Ratzinger a heretic? No, just a sick mind.
The Most Rev. Richard N. Williamson, Rector of the Society of St. Pius X’s seminary in La Reja, Argentina, is, by general agreement, a colorful character.
In an August 2006 interview with Stephen Heiner, later published in the SSPX publication The Angelus, His Excellency responded to questions on a broad range of subjects, and did not fail to live up to his reputation.
One topic Bp. Williamson discussed at some length was sedevacantism. Now in 1980, when I still was a member of the Society of St. Pius X and he was still a simple priest, we had a number of very lively discussions about this.
Fr. Williamson explained to me his theory about why John Paul II could not be a true heretic, and hence could not automatically lose the papal office, as sedevacantists like myself contend. “Half of John Paul II’s brain is liberal, and half is Catholic,” he told me, “So he doesn’t really know that what he says is not Catholic!”
It struck me as a perfectly loony idea then — a modernist is not responsible for heresy because he’s a modernist? I christened it “mentevacantism,” from the Latin words for “vacant mind.”
In his recent interview, Bp. Williamson is still promoting mentevacantism as an answer to sedevacantism. His current explanation of the theory goes something like this:
Benedict XVI has a “sick” modern mind. For this reason, Benedict is unaware of his heresy. Since there is no church authority to make him aware of it, Benedict cannot make a true choice between dogma and heresy. Without this true choice, Benedict is not a real heretic, and so he remains a true pope.
Below I will present Bp. Williamson’s mentevacantist thesis and then offer my own analysis of it.
The argument that Bp. Williamson seeks to refute is that of sedevacantists like myself. The general theological principle behind sedevacantism is found in many standard manuals of dogmatic theology and canon law. It can be expressed this way:
Divine law excludes a public heretic from being validly elected pope and obtaining papal authority. A pope who would become a heretic, moreover, would by divine law automatically fall from office without the need for any declaratory sentence. And in either case, it is the sin of heresy that renders a heretic incapable of becoming or remaining pope.
Bp. Williamson understands this principle and indeed articulated it very clearly in the interview with Mr. Heiner:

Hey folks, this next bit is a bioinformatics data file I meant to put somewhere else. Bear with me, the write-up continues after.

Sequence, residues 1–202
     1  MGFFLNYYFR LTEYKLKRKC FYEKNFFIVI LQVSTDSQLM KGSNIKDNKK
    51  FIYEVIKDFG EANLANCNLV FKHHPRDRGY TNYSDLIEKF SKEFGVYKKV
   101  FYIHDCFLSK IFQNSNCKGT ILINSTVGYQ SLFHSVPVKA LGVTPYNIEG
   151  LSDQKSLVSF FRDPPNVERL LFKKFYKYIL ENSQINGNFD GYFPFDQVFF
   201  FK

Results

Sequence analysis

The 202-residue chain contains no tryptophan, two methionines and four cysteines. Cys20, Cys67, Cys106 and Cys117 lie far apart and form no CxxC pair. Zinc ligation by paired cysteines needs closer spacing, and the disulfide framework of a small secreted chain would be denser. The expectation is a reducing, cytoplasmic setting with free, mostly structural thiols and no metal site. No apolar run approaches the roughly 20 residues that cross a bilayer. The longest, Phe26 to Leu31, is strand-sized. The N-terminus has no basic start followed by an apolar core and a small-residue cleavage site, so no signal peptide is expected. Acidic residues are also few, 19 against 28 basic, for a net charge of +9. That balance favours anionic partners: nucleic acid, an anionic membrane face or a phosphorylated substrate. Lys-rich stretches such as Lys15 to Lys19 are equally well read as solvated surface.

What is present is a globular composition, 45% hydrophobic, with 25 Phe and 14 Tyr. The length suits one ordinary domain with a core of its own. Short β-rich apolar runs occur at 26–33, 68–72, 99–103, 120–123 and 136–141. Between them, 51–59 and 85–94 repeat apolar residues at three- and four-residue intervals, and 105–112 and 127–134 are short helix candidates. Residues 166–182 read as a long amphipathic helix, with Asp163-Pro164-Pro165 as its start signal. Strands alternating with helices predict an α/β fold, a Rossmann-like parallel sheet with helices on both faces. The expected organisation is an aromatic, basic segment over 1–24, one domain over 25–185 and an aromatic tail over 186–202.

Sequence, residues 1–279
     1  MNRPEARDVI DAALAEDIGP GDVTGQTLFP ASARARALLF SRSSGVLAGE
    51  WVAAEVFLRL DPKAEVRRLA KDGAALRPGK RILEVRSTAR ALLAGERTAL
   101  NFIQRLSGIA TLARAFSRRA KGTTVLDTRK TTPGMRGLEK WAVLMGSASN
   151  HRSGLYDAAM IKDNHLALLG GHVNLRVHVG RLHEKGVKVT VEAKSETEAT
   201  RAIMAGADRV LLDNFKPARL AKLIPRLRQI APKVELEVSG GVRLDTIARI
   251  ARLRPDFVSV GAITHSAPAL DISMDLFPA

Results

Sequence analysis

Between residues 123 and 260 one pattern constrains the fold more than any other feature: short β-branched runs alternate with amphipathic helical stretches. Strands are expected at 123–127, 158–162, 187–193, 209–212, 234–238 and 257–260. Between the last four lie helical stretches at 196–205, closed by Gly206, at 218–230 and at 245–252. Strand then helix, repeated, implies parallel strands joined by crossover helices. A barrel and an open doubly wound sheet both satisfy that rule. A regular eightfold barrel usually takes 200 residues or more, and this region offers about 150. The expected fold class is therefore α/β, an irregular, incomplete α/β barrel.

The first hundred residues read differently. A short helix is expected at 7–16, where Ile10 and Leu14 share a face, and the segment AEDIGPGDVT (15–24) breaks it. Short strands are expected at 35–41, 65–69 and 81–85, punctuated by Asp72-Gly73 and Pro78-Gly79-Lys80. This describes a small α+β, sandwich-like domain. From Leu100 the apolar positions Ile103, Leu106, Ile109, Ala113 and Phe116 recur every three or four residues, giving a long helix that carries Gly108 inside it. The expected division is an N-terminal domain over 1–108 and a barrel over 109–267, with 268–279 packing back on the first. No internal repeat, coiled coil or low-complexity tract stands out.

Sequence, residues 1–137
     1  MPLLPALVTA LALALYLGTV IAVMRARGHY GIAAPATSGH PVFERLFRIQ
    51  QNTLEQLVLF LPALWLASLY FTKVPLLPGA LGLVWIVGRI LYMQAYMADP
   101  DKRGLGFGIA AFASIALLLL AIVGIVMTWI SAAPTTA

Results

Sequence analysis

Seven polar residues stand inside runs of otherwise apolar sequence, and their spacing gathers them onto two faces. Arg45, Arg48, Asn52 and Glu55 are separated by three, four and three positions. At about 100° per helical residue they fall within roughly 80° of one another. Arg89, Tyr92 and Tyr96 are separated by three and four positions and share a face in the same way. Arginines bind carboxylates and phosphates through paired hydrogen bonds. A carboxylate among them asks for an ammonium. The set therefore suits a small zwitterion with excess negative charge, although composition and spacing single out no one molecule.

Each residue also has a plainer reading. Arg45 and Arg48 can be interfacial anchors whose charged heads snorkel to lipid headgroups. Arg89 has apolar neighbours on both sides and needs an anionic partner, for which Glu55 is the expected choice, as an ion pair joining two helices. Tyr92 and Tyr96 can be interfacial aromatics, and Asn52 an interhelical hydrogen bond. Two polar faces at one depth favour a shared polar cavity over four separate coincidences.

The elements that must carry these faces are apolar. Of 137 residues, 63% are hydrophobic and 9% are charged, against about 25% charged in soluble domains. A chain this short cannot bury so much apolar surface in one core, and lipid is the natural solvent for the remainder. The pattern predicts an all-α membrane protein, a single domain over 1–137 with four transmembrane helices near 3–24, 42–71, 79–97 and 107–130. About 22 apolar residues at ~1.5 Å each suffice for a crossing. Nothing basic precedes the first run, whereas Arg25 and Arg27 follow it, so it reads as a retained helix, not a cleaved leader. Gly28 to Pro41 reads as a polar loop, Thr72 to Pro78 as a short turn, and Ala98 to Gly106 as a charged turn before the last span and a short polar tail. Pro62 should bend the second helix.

“To be such a heretic as to so put oneself out of the Catholic Church that one cannot possibly any longer be its head, i.e. Pope, one must know that one is denying what one knows to be a defined dogma of the Catholic Faith, because such a denial amounts to deliberate apostasy. To become, or to continue being, a Catholic, is a choice. If I know what a Catholic must believe in order to be Catholic, and if I refuse to believe it, then I am choosing to be a heretic instead of a Catholic, and I put myself outside the Church.”
Bp. Williamson, however, seeks to defeat the sedevacantist argument by demonstrating that this principle cannot be applied to Benedict XVI, because:
“Modern minds are very sick, as minds, and Benedict XVI has a modern mind… The sickness consists in believing that there is no fixed, objective truth which absolutely excludes error.… The ‘truth’ is what my mind makes it. But the mind is made for objective truth like lungs are made for oxygen, so just as lungs without external oxygen are sick to death, so a mind with no external truth is sick to death.…
“Benedict XVI believes that Catholic ‘truth’ can evolve. For instance, very serious statements of Catholic truth that cannot change, like the Syllabus or Pascendi,… He cannot see that this anti-modern Catholic doctrine of his predecessors is of such a nature that it cannot change, and not even as Pope can he change it. His poor mind, however gifted, is sick with that modern — especially German — philosophy… How could he not think he was being ‘normal’?
Modern philosophy, in other words, empties the mind of the capacity to recognize truth — and absolves the individual of responsibility.
From these statements, Bp. Williamson intends readers to conclude that a generalized “sickness of the modern mind” completely removes culpability for heresy and obliterates its effects for a heretical pope. Welcome to mentevacantism!
Bp. Williamson is aware, however, the more perceptive among his readers would dismiss this excuse as merely a more refined version of one of the tenets of modern liberalism — evil is really produced by a sick society, and therefore individuals are not personally responsible for actions.
To cut this objection off at the pass — pardon the cowboy analogy — Bp. Williamson then summons up “the old days.” The difference between then and now, he says, is that a modernist such a Ratzinger would be summoned before the Holy Office, and told to retract, or else:
“And the neo-modernist would have had to choose, having been made aware, by Church authority, of his heresy.… But this last resort is unavailable to today´s churchmen, because they are the authority!”
No warnings, no heresy!
Now here, we pause to explain what comes next: the Williamson I’m-Not-Saying-That trick. He has snookered questioners with it countless times in the past. Here’s how it works: